Becoming Your Own Advocate

How to Define Your Needs: Getting Support from Family and Friends

Research over the past three decades has shown that when women with breast cancer receive wanted emotional support from close family members or friends, they are able to better adjust to their diagnosis and experience lower levels of stress.

Research over the past three decades has shown that when women with breast cancer receive wanted emotional support from close family members or friends, they are able to better adjust to their diagnosis and experience lower levels of stress. 1, 2

A new study from Oregon Health & Science University in Portland has examined the important assumptions that emotional and social support is always helpful to people with cancer.4 The study authors investigated the health implications of a mismatch between the intentions of a support giver and how that support is perceived by the person with an illness. This new study produced findings that can be helpful in understanding and improving the relationships between people with an illness and their family and friends.

Researchers asked women with breast cancer to describe what kind of social support they had or had not received following their diagnosis. They were also asked what type of support they did or did not want to receive.

Women participating in the study were then asked questions about the sort of problems they had faced at home or at work in coping with their diagnosis and treatment and what kind of psychological distress these problems caused.The goal of this study was to understand whether a match or mismatch between the type of support women received and the type of support that they wanted to receive had any effect on their ability to cope with their illness.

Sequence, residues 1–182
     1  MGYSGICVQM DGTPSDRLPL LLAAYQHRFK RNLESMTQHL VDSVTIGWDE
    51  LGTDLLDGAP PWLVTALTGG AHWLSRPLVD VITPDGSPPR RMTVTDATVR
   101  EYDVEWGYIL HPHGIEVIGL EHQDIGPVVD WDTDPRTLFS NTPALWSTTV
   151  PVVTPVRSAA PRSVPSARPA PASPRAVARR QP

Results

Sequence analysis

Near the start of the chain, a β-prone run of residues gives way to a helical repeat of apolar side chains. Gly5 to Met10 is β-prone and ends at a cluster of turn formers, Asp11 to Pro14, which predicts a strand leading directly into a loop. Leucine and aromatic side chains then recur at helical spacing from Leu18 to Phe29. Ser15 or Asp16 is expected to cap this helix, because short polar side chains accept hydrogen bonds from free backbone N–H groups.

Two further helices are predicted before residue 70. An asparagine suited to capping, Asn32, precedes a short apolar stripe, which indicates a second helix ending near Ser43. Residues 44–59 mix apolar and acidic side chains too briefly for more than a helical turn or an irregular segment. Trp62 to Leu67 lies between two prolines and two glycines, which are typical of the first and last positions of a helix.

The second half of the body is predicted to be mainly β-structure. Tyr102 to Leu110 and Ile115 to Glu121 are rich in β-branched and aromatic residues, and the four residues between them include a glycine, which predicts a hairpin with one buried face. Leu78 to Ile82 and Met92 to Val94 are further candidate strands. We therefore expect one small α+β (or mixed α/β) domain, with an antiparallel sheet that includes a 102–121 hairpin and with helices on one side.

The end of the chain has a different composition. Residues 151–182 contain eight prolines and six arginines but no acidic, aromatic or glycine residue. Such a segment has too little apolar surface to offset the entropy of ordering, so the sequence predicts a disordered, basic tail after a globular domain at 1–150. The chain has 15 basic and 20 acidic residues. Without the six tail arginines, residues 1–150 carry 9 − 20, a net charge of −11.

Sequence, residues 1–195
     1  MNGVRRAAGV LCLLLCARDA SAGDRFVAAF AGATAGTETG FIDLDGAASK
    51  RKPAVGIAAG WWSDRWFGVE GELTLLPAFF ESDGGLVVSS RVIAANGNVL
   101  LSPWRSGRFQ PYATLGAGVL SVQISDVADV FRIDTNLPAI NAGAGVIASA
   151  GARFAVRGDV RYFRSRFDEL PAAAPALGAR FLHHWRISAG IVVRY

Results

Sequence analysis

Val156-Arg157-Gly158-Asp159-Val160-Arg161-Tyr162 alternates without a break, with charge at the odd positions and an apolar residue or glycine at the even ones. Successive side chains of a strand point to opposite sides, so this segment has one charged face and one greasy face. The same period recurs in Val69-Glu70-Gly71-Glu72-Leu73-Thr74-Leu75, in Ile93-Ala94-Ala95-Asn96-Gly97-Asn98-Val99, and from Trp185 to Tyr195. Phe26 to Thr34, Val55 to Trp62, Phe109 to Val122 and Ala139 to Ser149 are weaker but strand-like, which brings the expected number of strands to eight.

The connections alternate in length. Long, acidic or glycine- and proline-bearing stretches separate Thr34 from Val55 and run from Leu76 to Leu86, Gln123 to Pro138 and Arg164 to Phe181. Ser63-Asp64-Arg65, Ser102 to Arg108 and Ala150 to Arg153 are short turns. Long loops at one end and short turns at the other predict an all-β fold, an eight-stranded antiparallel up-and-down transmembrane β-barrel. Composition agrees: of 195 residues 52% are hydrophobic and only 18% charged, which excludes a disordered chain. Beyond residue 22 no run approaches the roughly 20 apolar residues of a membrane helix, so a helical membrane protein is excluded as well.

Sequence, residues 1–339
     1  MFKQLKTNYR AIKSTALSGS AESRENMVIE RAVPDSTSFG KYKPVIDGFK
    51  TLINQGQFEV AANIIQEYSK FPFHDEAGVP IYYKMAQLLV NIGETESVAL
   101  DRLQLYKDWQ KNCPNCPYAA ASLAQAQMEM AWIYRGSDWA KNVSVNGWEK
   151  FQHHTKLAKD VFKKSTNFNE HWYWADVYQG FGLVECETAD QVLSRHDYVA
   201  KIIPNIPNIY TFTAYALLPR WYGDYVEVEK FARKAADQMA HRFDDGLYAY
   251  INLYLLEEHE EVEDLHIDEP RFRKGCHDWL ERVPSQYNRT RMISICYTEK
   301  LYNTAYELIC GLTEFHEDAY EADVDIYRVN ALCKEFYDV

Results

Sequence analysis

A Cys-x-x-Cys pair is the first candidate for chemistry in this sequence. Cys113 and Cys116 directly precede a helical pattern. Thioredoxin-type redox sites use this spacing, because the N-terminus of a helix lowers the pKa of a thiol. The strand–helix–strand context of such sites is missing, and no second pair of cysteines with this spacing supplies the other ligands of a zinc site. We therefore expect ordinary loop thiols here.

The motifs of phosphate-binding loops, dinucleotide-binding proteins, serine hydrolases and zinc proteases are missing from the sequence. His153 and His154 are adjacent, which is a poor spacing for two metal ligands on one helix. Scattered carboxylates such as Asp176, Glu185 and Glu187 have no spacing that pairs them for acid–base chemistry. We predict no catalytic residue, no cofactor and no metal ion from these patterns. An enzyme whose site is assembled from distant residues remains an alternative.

The study found that when the support women received was unwanted, it could cause unnecessary stress, and that an increase in the amount of unwanted support received led to an increase in the amount of stress experienced.

Previous research on this topic usually focused primarily on the person with an illness and assumed that any support received was always wanted. This study places an emphasis on both those receiving the support as well as those giving it and acknowledges that whether the support received is actually wanted is important.

This study is also significant because it directly compared the effects of both wanted and unwanted support on women’s psychological health. Researchers found that negative interactions between giver and receiver left a more memorable impression. Negative support, defined as either unwanted support that was received or wanted support that was not received, significantly hampered the participants’ psychological adjustment to their illness.

This study highlights the importance of breast cancer patients letting their family and friends know what kind of support they need. The authors write that “the match between the type of support a woman wants and what she receives” can determine how well that support helps her to cope with her illness. They also suggest a framework for how a person with breast cancer can gain perspective on how they are coping with their illness.

This study suggests that this may not always be the case. Examples of unwanted support can very widely. For example, a person whose coping style includes seeking as much information as possible in order to help make treatment decisions might not respond very well to friends and family members encouraging them not to read so much about health. Similarly, the person who has difficulty interpreting medical literature and is looking to their medical practitioners to help them make treatment decisions might object to unsolicited offerings of medical books, articles, and web sites.